Exeter Samaritans Disappointed By Election Candidates' Responses

Wednesday 6th May 2015

The director of the local branch of Samaritans says she is disappointed by the lack of responses from parliamentary candidates to her letter outlining what they and a future government could do to reduce suicide.


The charity wrote to candidates in the Exeter, Mid Devon and Central Devon constituencies, setting out four key policies on how suicide risks could be minimised. 


This could be achieved through improved mental health information and diagnosis, the creation of a local suicide prevention plan, tackling alcohol misuse and understanding its link to suicide, and making the Samaritans telephone service free for users.


“We are of course delighted to have received four very positive responses but there were 13 other candidates who did not even reply” says Helen Crossfield, director of Exeter, East & Mid-Devon Samaritans, which has its headquarters in Exeter.


The responses from the four candidates are reproduced below.


“We’re going to be taking forward our four policies, contacting newly-elected MPs and discussing exactly what they can do to help reduce suicide risk” says Helen.


More than 6,000 people die by suicide every year in the UK. Nearly 80 per cent are men, and male suicide rates are now at their highest level since 2001.


Samaritans provides support to people who are distressed or in despair, which may lead to thoughts of suicide. People can talk to us at any time, in their own way and in confidence, about whatever is going on in their life.


Samaritans four policies put to local candidates are:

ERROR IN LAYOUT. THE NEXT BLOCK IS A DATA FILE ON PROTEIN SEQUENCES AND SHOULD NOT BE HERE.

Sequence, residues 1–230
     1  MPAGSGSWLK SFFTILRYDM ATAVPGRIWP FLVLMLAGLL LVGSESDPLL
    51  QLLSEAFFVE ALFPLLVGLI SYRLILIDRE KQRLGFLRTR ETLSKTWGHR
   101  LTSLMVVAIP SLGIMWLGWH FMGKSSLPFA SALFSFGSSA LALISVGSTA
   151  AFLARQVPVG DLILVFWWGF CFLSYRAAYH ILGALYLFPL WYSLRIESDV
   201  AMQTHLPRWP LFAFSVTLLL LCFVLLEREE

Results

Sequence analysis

- Making sure mental health has the same priority within the NHS as physical health. This would mean local hospitals, surgeries and NHS centres offering better information and improved diagnosis of mental health;


- Establishing a suicide prevention plan in our local area. This would include gathering information to understand who is at risk, where they are and how best to help them, plus suicide prevention training and follow-up support for people who attend hospital A&E departments as a result of self-harm or suicide attempts;


- Tackling alcohol misuse and understanding its link to suicide risk. This would involve working closely with local addiction services to help tackle the suicide risk associated with alcohol misuse; and


- Help make the Samaritans telephone service free. The Exeter, East & Mid-Devon branch of Samaritans took 23,411 calls from the public in 2014. “We believe it’s vital that people who are struggling to cope should know we’re here to help without having to worry about the cost of the call” says Helen Crossfield.



The responses were:


Ben Bradshaw (Labour, Exeter)

Thank you very much for your email. I fully support and agree with what you've outlined above.


Alex White (Liberal Democrat, Central Devon)

Thanks for getting in touch. You can absolutely rely on the support of the Liberal Democrats. We want to make mental health a priority in the next parliament.


Andy Williamson (Geen Party, Central Devon)

Thanks for writing. I fully support all these. And this is exactly the kind of thing I as Green Party MP would, I think, be able to help with.


Claire Wright (Independent, East Devon)

Thank you for getting in touch. I am a passionate advocate of mental health issues and would always support measures that would help prevent the tragedy of suicide.